Archive for the ‘other artists work’ Category

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Van Gogh and Turbulence

May 13, 2007

vangogh.jpg

Vincent van Gogh is known for his chaotic paintings and similarly tumultuous state of mind. Now a mathematical analysis of his works reveals that the stormy patterns in many of his paintings are uncannily like real turbulence, as seen in swirling water or the air from a jet engine. Read the rest of this entry ?

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IOU Waylaid

April 12, 2007

iou waylaid

Jack and I saw the IOU show ‘Waylaid’ tonight. It took place in a dome-like space; (yet another igloo-shaped structure – this must be a visual metaphor for us at the moment!). There was a sense of being in the far north, somewhere up near the arctic circle in my mind. The show involved each member of the audience wearing head phones to listen to a live music and spoken word sound track. I loved the emotional layering of words and sounds that this produced. It did create an audience who all seemed to be in their individual bubbles. I felt a little out of my depth responding to visual theatre as it is a new language for me. The piece explored a limbo land, a space between life and death, between being conscious and unconscious. There were strands of fairy tale elements, such as being kissed awake or trying on a glass slipper that doesn’t fit, but also surreal, almost science fiction stuff as well. Read the rest of this entry ?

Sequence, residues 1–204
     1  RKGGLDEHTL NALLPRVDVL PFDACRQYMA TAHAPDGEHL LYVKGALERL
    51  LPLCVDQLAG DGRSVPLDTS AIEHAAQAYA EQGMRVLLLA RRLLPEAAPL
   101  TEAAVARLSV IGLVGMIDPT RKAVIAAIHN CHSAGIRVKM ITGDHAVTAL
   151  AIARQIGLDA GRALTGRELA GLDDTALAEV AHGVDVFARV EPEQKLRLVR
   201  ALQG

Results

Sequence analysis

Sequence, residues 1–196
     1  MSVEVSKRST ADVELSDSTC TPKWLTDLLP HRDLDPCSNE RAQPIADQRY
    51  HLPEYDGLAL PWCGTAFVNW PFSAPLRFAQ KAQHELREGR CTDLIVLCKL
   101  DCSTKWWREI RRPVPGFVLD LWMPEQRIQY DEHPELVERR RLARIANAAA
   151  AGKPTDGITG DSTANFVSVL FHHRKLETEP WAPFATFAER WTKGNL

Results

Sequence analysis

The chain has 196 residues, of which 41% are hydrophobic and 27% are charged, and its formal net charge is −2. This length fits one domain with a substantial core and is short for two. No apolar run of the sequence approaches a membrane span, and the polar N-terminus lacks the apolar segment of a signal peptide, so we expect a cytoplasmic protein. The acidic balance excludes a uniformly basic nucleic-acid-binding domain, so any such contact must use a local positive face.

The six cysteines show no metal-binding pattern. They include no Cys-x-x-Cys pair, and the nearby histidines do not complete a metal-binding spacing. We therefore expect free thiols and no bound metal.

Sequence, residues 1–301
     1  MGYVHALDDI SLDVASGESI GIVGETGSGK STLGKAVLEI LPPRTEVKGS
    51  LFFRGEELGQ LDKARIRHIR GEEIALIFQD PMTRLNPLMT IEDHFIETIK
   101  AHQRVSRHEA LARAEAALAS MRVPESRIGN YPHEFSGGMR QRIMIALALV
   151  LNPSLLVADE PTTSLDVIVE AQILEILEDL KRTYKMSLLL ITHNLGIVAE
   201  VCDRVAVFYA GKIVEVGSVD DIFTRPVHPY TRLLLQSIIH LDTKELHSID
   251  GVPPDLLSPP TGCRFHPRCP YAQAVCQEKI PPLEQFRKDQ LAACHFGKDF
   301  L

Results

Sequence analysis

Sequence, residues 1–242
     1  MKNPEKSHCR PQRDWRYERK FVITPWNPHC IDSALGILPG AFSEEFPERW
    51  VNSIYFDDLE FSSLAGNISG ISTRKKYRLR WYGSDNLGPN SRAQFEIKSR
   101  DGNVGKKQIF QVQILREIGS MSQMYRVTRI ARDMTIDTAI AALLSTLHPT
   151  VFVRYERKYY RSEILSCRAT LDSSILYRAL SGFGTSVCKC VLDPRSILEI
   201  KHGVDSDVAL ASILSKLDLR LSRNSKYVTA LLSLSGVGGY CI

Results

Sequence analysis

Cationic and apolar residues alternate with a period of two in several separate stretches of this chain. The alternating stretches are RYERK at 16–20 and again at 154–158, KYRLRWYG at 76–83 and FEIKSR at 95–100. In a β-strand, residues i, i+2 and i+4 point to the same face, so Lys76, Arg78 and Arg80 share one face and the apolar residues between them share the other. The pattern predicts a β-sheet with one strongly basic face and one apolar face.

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Natasja van Eijk

April 2, 2007

shoe maker

Poem for Natajsa

You pour me apple tea
that catches light, tastes of golden weather.

This day is grey and full of ideas
yet to be written,

round and smooth as a pregnant belly
or a bag made from brightly coloured beads.

The world is a glass – neither half full
or half empty but ridged and beautiful in its own right.
Read the rest of this entry ?

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odd enjinears

April 2, 2007

shadow show welding projector
The welding projector

This trick was invented and produced by Harry Kentrotas and Simon Dunckley from Cape Town. We used the trick in several shows during 2002.
You need an arc welder. It’s not only useful to do metal work but can also be used perfectly as a light source to create a shadow puppet story: very bright, and within an actual light source less than a centimetre across.

The distances between the light source, the puppets and the projection surface (a wall, a container, etc.) can influence the size of the projected shadows, but doesn’t effect the sharpness: there’s always a clear-cut shadow. To prevent the audience from looking into a light that is far too bright but to allow them only to enjoy the projected images, we welded it in a small wooden box. In that, we cut out a small window, which defines the frame of the projected surface. Read the rest of this entry ?